The Community Conversations series continues with a focus on what’s next for students of color this fall. Are we experiencing a “new” normal or is this temporary? How are students defining this terminology and this extraordinary period? Are we over-emphasizing normal?
Many students of color have described this pandemic as one more challenge added to an existing array of challenges. Dr. Carlota Ocampo, provost at Trinity Washington University and Steve Fund board member, will moderate our next live webinar Thursday, May 21st at 3:00 pm EST. She will be joined by fellow advisors Dr. Carlton Green and Dr. David Rivera and Youth Advisory Board member Nia Dingle.
Whether temporary or a “new” normal, we know that there will be profound changes on campuses. Our panelists will share their insights on how best to prepare students, parents, and faculty and staff at colleges and universities for these changes. Working together, how can we support and position students of color for success in a time of unprecedented change?
Provost Carlota Ocampo oversees academic affairs, assessment, and planning at Trinity Washington University in Washington, DC. Her previous appointments included associate provost for academic assessment and associate dean of the College of Arts and Sciences, where she directed academic advising and the first-year experience. Dr. Ocampo joined the Trinity community in 1997 as assistant professor of psychology and earned tenure and promotion to associate professor in 2003. She has also served as chair of psychology and of the human relations program.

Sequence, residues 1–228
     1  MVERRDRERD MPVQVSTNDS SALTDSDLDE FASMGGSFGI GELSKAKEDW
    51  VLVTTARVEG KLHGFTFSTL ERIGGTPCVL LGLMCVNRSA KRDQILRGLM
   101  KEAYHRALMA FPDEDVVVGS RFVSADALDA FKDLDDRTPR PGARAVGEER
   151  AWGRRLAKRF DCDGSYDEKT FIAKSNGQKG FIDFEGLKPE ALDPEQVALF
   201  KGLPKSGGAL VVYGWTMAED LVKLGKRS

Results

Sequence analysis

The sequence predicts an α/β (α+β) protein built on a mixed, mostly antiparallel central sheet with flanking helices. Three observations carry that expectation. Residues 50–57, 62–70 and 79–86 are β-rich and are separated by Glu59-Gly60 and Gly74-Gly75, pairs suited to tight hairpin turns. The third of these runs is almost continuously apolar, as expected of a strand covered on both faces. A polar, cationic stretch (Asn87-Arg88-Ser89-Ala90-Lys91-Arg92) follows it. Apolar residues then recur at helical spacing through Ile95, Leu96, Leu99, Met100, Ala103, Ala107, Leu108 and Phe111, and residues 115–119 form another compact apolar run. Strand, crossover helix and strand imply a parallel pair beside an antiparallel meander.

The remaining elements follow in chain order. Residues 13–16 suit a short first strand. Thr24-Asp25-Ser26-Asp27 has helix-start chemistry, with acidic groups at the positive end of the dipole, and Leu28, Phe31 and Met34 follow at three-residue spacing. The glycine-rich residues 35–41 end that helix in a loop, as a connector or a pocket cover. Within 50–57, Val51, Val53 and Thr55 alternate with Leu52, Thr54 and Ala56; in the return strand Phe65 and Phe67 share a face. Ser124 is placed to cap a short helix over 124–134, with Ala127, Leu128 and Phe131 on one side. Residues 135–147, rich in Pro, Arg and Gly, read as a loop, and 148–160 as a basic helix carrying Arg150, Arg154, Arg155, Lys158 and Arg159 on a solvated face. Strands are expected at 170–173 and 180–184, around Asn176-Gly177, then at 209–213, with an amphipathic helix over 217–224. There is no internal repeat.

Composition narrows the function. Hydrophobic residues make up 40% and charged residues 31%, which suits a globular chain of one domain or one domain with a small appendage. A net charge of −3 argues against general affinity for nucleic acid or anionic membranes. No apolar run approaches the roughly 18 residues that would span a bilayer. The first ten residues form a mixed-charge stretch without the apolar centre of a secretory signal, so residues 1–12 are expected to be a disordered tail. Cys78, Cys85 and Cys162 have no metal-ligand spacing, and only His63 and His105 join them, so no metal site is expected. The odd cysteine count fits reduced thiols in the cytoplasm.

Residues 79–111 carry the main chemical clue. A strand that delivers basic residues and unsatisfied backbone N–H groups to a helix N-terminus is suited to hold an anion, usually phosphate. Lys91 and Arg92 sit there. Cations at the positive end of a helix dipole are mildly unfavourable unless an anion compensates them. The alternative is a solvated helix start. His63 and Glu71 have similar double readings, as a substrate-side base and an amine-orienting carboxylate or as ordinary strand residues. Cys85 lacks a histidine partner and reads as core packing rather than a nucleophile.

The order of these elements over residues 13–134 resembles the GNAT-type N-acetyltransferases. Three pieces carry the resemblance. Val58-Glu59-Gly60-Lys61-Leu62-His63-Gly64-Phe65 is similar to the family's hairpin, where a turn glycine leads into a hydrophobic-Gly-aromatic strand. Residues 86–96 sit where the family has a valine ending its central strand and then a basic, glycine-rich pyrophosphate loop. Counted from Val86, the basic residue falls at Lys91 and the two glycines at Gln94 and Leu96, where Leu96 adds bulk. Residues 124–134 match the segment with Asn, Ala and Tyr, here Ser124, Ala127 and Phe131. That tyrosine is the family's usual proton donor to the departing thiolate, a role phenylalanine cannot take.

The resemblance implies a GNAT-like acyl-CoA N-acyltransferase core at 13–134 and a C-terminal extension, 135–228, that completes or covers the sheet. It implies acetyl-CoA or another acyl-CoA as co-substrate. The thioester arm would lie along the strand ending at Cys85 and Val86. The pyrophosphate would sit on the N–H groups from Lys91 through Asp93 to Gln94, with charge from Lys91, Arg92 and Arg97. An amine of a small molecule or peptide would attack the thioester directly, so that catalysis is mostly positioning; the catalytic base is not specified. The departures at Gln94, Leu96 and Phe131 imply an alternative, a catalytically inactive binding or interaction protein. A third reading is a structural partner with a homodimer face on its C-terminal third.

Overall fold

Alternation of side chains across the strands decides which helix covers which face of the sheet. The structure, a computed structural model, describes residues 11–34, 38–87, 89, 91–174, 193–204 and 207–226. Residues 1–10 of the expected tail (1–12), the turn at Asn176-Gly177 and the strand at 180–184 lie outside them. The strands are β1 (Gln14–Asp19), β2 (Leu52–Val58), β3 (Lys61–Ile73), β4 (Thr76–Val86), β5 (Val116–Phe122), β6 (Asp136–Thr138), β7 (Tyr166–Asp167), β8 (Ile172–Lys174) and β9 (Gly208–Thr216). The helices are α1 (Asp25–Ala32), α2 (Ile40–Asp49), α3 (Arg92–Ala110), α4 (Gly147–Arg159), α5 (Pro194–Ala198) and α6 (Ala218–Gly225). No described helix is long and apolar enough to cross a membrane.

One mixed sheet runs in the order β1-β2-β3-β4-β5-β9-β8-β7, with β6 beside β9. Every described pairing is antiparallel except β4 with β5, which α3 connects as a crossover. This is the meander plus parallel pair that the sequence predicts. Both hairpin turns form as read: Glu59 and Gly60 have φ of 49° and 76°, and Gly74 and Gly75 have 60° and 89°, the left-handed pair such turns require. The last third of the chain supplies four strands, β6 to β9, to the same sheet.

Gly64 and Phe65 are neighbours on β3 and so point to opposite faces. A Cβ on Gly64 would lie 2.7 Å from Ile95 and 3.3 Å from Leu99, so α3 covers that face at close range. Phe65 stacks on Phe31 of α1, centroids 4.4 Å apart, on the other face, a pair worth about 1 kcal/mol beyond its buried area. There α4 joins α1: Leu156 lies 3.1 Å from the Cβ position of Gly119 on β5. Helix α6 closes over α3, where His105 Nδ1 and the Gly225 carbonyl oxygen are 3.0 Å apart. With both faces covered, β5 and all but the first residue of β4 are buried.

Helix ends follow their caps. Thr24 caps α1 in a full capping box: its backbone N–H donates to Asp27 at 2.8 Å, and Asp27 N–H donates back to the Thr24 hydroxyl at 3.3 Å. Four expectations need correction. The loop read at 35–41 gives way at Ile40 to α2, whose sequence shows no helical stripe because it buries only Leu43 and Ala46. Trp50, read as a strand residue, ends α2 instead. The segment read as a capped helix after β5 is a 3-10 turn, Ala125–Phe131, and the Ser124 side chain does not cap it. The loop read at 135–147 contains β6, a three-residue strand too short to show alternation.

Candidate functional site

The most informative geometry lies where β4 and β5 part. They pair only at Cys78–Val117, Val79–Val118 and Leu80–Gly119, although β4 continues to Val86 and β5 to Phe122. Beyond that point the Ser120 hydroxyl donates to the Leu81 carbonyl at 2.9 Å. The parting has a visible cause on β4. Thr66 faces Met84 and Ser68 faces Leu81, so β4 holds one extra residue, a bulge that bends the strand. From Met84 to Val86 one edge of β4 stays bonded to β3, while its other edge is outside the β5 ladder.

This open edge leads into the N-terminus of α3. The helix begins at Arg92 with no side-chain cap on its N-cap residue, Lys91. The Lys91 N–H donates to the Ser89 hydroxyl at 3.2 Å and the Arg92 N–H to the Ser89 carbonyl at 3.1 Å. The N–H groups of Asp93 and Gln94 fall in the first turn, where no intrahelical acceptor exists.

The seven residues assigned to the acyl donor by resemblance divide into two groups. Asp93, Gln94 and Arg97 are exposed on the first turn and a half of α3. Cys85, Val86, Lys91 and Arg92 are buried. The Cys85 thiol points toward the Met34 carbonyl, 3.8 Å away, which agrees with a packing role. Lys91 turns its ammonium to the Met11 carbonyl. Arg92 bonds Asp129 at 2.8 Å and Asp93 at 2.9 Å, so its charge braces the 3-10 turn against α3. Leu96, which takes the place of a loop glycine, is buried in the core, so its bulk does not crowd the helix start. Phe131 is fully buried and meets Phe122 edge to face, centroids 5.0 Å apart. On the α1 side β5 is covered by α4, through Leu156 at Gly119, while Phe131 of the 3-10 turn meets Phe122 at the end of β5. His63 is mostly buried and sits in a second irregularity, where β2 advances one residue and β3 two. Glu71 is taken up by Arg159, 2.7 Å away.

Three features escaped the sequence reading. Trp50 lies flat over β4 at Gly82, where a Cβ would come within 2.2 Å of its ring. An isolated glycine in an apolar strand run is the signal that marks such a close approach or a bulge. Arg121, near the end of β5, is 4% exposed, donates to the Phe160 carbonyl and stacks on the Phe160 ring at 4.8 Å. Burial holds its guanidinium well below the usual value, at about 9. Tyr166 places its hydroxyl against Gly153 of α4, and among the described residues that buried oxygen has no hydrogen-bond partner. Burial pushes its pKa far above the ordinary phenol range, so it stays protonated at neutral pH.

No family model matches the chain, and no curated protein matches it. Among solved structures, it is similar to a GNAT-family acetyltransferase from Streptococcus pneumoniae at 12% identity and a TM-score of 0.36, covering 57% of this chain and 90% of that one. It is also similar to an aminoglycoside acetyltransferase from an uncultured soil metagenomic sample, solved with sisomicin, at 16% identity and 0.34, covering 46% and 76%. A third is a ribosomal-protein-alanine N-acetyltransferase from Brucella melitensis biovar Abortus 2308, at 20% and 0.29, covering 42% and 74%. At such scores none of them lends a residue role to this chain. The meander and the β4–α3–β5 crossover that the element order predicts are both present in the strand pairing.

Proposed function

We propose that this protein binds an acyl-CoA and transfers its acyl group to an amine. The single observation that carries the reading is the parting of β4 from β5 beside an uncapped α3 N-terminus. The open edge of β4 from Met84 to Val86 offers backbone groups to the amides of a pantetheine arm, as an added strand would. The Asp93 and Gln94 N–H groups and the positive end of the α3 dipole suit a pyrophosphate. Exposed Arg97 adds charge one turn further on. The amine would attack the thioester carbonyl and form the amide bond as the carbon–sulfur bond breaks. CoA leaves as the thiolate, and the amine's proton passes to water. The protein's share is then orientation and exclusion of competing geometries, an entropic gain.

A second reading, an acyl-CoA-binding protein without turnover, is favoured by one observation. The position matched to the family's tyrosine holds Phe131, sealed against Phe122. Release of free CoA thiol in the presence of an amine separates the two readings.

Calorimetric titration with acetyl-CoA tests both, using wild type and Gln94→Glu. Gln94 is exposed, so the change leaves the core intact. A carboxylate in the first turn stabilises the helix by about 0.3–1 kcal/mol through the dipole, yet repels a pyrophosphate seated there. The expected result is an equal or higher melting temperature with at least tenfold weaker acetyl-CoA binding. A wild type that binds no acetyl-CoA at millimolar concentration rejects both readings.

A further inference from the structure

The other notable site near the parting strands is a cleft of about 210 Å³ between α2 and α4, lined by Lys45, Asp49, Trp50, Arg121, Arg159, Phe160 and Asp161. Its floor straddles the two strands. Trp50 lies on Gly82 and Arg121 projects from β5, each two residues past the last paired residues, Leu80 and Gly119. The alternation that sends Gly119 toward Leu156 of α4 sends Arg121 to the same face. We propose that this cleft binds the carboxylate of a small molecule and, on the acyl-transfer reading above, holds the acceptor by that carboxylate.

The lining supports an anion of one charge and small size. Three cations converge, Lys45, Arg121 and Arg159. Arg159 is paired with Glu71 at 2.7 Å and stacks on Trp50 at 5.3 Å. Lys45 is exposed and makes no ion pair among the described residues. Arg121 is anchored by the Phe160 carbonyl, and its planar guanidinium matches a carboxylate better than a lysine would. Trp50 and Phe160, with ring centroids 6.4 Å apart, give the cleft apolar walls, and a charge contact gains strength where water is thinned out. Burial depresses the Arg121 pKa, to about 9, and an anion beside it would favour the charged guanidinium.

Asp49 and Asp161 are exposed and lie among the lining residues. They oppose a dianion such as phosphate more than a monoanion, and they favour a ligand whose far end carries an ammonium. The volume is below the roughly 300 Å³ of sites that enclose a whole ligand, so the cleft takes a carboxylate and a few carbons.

Dr. Ocampo received her Ph.D. in neuropsychology from Howard University in 1997. Her teaching and research interests encompass interactions among diversity, oppression, and health. She has published on pedagogical reform with changing student populations, racist-incident based trauma, and ethnicity, gender and disease; her current research examines use of mobile health technologies with safety net populations. In 2014, she was appointed to the APA’s Board of Educational Affairs working group on national assessment for introductory psychology. She serves as a peer evaluator for the Middle States Commission on Higher Education and is a member of the Leadership Institute for Women in Psychology (LIWP) class of 2011. She enjoys promoting student-centered academic initiatives and culturally relevant health research.